That's why in honor of MLK, this Sunday is our very first Beloved Community Sunday. We're going to be having other Beloved Community Sundays throughout the year and these Sundays are going to be times in which we come together to think about things like race and racism, privilege and white supremacy, sexism, homophobia, ableism and ageism in our church and in our wider world, so that we can create a sacred time in a sacred place in which the voices and the experiences that have been pushed most to the margins and made the most invisible have an opportunity to speak about their experience. And we’ll be having other educational opportunities and events that coincide with the themes of these Sundays.
This is appropriate because Rev. Dr. King, I think, had a unique ability to see this people, our nation, to look at us all and really see us. He saw our problems, he saw our potential, he saw our hidden pain, and he reflected back to us a vision of who he believed we could become with and for one another. Maybe now more than ever we need that vision and that type of leadership.
A little more than a week ago we all got a terrible shock when we saw what some terrorists believe about our country and what they want to do to our country. The almost entirely white crowd that stormed our Capitol was full of frightening images—crosses next to nooses. Guns and handcuffs and tactical gear. Police officers beaten with American flags. The flags, insignias, and symbols of far-right militias, conspiracy theorists, neo-Nazis, and confederates. Rioters celebrating and howling for the leader who had organized and unleashed them on the Capitol, “Trump! Trump! Trump!” with a look on their faces that one capitol police officer described as “hate in their eyes.”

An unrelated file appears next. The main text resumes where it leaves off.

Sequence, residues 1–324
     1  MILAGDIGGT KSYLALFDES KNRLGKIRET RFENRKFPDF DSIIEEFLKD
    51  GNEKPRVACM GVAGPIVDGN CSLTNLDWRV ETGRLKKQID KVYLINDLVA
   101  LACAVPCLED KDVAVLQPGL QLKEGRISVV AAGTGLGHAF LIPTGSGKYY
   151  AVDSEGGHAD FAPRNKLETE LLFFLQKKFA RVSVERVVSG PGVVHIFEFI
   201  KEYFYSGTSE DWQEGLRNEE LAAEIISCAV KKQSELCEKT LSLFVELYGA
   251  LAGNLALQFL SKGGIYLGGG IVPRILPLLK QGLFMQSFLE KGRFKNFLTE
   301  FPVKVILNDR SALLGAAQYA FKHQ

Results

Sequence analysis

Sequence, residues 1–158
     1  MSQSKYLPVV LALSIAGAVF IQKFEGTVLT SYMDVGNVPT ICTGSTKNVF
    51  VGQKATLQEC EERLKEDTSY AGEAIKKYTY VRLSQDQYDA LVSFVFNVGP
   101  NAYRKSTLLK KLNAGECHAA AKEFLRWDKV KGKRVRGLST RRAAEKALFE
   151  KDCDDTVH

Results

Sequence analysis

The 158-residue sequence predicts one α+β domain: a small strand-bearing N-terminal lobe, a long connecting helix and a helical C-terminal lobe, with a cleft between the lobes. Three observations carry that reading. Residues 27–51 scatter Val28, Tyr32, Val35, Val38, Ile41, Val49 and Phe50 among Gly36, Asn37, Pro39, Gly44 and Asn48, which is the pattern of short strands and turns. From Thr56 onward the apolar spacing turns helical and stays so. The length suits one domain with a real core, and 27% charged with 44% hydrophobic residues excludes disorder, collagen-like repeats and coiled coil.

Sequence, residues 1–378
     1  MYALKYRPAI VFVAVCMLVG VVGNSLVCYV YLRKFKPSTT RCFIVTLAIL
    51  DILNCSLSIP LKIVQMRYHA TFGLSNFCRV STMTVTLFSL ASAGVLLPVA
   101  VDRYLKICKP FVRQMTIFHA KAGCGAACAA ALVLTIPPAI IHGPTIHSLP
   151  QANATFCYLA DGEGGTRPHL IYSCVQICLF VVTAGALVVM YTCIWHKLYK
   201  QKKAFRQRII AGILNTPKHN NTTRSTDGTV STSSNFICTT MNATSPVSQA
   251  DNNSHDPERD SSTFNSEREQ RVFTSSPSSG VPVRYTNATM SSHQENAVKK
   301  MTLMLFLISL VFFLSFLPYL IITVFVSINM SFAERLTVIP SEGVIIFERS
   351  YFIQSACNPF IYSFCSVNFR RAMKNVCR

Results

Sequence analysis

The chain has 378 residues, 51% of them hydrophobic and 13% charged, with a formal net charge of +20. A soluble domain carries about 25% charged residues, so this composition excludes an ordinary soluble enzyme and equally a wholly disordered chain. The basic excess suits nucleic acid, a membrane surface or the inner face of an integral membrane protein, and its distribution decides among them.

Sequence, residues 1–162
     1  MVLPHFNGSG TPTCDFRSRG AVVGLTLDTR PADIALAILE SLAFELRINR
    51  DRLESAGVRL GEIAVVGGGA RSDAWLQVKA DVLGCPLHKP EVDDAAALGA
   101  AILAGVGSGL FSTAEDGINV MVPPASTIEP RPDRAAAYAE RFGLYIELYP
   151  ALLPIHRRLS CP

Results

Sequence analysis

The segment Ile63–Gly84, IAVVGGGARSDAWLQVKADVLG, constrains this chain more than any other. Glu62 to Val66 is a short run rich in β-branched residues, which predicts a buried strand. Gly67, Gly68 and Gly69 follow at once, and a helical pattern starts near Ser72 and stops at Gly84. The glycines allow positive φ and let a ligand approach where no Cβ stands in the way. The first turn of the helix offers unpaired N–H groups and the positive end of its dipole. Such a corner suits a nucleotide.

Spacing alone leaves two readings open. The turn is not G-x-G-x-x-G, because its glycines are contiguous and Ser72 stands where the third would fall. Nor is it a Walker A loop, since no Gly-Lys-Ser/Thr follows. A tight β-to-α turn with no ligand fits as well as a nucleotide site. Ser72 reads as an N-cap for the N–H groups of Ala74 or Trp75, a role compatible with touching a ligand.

We saw it. And we see that this is a part of who we are, has always been a part of who we are. But it’s not all we are. And I believe that it’s the smaller part of who we are. And so this weekend I’m so grateful for another march on Washington—the 1963 March on Washington for Jobs and Freedom. And I’m grateful for the kind of leaders who organized that movement and that dream. This, of course, was the march where King gave his famous I Have a Dream speech. I want to close my sermon this morning with a short video of archival footage of that march. Beloved, remember that this is also a part of who we are. It’s a little glimpse of heaven. It’s the beginning of the Beloved Community.
Thanks to the Salt Collective for the video.
Jesus the Imagination
Thoughts and dreams, musings and meditations